North Adams planners OK plan for new music, comedy venue for 55 Union St.

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NORTH ADAMS — Get ready to rock out or laugh out loud.

After winning the Planning Board's approval Monday, a new music and comedy venue on Union Street is clear to open later this year.

The music venue, dubbed HiLo, is slated to open in the former Museum of Dog building at 55 Union St. Before its brief iteration as a museum, the building was operated as the Crystal Hardhat Saloon.

With a capacity of nearly 300 people, the venue's developers envision it booking a mixture of local and touring acts with a show nearly every night of the week.

"We look to attract top-quality regional touring acts, as well as incubating the burgeoning local music scene, host comedy nights, also attracting top regional talent, as well as showcases for New York-based comics," said Brian Miksic, a managing partner at Very Good Property Development LLC. Miksic is a member of the Planning Board but recused himself on this matter.

The building was purchased by last year Very Good Property, which plans to open this fall after a number of exterior and interior upgrades this summer. The company also will look to win approval for a license from the city to sell beer, wine and liquor at the site.

The plans call for a patchwork of parking. Though the building itself comes with fewer than 10 parking spots, Very Good Property has struck deals with neighboring property owners and will use existing street parking for a total of about 150 spaces, all within a five-minute walk or less.

The venue's name calls back to the building's former operator, Quinn's Paint and Wallpaper, which sold a paint and varnish brand called HiLo.

"It was important to me that [the name] had something to do with the history of the city or the history of the building," Miksic said, showing the Planning Board a decades-old photograph of a Quinn's truck with the HiLo logo parked in front of the building.

Joad Bowman, who opened Thistle & Mirth in Pittsfield in 2012, has signed on as the venue's general manager.

Other businesses

The Planning Board also approved a full slate of other new businesses.

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Michael and Douglas Schiazza won approval to operate a small bed and breakfast inside the barn adjacent to their home at 253 Kemp Ave., a hillside property perched with panoramic views above the Hoosac Valley.

The barn will be converted into a three-unit B&B with a small common area shared among them.

The Tourists hotel, after Monday's approval from the board, will open an event space in the former Our Lady of the Incarnation Church on Massachusetts Avenue.

"We get requests for on a regular basis [from] people wanting to rent out the entire hotel and hold special events — weddings and corporate retreats," said Eric Kerns, the hotel's project manager. "We need an interior space where people can gather and have a dinner for 80 to 100 people, having a wedding reception, having a corporate breakout meeting, presentations — things of that nature."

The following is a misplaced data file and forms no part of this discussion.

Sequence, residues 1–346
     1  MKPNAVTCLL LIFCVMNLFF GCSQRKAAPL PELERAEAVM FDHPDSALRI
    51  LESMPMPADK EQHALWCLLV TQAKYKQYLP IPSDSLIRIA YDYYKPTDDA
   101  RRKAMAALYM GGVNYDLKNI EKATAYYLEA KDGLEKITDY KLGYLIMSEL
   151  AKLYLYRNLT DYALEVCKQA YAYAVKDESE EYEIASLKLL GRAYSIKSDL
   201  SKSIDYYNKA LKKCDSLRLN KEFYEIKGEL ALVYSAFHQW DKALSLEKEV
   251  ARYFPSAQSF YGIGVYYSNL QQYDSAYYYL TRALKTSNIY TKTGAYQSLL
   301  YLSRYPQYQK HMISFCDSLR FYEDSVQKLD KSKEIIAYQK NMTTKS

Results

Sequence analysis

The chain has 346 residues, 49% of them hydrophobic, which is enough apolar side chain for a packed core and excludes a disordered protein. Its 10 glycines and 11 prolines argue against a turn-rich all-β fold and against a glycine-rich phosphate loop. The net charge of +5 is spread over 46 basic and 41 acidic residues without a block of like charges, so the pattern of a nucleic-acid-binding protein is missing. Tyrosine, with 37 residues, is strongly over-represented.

In the past, the board has expressed concern with the availability of parking at the former church site, which is mostly limited to the street-side in front of the property.

Tourists sought to preemptively assuage those concerns by securing permanent easements with PanAm Railways under a freight railway that separates the hotel on State Road and the former church on Massachusetts Avenue.

"We're pretty doggone excited about that," Kerns said, noting that the easements enable complete pedestrian circulation on the Tourists property.

The building will undergo a number of changes, including new windows that improve the southward view. Given that the building is no longer an active church, the developer will remove its small steeple. The hotel also will move its catering kitchen from the Houghton Mansion on Church Street into the former church's first floor.

In progress at another West End development, Greylock Works got the green light to add a new wrinkle to its multifaceted business plan.

The developers behind Greylock Works will portion off 5,700 square feet of the historic mill's weave shed — the section of the complex with a sawtooth roof — for a collaborative workspace and studios.

And on Roberts Drive, developer David Moresi brought yet another handful of new businesses to his Norad Mill.

The companies approved Monday to set up shop in the mill include a clothing store, a candy company and an art studio.

Adam Shanks can be reached at ashanks@berkshireeagle.com, at @EagleAdamShanks on Twitter, or 413-629-4517.


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